“The cornerback jumped that route like he’d been waiting for it all day. He must have seen the wide receiver doing that on film.”

“Man, I wonder how we’re going to respond to this passing attack. Should we drop another cornerback into coverage, or will the other team expect that and move to a rushing game?”

“That powerful cut-block is going to leave such intense bruises on the defensive lineman’s knees.”


Center: The guy with his hands on the ground and his rear in the air. But he’s not twerking. He snaps the ball from backwards between his legs for the quarterback at the start of every play.

Quarterback: Oh captain, my captain! Ladies, this is what Tom Brady does. He is the leader of the offense, yells formations that don’t need to make sense to the rest of us (“Red 80! Check check, set, hike!”), receives the ball from the center, and then throws or hands or occasionally tries to run. He is, in essence, the team’s biggest star. Keep your eye on him at the start of every play to keep up.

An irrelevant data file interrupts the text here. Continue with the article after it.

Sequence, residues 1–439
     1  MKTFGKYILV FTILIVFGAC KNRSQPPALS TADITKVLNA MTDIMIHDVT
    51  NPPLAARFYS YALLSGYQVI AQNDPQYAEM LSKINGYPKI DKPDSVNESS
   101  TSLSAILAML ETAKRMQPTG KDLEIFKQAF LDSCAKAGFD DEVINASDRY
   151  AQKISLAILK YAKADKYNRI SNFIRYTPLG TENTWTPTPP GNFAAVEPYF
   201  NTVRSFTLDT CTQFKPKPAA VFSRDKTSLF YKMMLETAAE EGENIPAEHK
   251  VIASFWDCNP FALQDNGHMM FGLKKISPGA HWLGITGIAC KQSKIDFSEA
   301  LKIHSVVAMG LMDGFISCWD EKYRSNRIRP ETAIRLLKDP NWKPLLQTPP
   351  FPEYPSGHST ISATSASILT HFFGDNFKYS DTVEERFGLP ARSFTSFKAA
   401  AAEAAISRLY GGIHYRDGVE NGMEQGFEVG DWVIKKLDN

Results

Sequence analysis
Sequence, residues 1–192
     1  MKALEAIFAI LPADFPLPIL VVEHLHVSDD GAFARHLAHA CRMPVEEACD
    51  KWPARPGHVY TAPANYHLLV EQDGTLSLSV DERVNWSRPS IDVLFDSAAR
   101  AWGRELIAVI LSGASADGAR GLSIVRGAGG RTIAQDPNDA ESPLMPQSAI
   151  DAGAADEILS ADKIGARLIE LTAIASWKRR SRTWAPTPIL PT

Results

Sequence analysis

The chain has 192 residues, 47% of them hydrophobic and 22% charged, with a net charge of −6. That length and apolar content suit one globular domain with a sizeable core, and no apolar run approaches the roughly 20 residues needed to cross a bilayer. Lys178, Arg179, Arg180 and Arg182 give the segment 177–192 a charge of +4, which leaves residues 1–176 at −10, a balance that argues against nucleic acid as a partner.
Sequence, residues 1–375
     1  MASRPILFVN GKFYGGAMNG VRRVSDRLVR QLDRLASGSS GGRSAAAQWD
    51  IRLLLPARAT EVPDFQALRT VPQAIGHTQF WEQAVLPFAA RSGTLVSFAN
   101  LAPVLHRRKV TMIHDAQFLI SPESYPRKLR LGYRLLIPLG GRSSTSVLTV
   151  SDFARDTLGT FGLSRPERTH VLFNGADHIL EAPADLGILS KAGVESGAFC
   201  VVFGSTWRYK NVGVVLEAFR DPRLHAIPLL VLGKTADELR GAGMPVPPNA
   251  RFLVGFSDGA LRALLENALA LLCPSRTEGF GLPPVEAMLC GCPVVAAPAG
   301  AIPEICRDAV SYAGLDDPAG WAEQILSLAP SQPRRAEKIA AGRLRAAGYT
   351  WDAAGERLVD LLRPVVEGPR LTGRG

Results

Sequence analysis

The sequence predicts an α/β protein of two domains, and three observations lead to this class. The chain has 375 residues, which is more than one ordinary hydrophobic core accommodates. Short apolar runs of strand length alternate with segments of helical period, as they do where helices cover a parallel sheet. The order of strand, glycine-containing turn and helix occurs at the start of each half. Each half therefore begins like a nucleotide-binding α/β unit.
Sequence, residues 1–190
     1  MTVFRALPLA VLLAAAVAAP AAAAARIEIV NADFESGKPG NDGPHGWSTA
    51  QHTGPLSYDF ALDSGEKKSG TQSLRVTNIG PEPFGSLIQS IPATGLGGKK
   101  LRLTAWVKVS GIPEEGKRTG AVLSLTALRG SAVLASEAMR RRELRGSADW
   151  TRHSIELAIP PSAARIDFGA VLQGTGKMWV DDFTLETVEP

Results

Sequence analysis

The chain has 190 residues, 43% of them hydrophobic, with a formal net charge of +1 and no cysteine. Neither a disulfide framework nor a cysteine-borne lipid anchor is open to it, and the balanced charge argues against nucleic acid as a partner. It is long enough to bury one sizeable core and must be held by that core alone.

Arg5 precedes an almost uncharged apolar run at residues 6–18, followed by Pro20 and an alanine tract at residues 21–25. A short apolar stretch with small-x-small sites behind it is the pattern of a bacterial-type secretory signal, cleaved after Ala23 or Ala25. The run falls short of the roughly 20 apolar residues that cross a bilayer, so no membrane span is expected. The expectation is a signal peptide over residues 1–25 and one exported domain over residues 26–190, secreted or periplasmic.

Offensive line: The largest people on the field. They start off in front of the quarterback and running backs. They aim to protect the quarterback when he has the ball by blocking the defensive line. Recall whatever you can recollect from The Blind Side.

Wide receivers: They start off standing slightly away from the rest of the offensive line, then try to dart around defenders and put themselves in a position to catch a pass from the quarterback.

Tight end: A player who acts both as a blocker and a receiver. A jack of all trades, if you will. Like a beater AND a chaser rolled into one. He stands just next to the line and runs, catches, blocks, you name it.

Running back: Possibly referred to as tailbacks, rushers, halfbacks. They get the ball and run.


Defensive line: Stands right across from offensive line. There are lots of them and they are large. Their goal is to try and sack the quarterback or tackle the running backs.

Middle linebacker: He’s a special linebacker, who acts like the quarterback, but for the defense. He yells out calls and instructions to the other linemen.

Cornerbacks and Safeties: Generally speaking, these positions have the same aim, which is to cover the receivers and prevent them from catching/running with the ball. Careful not to mix up “cornerback” and “quarterback” after a few shots.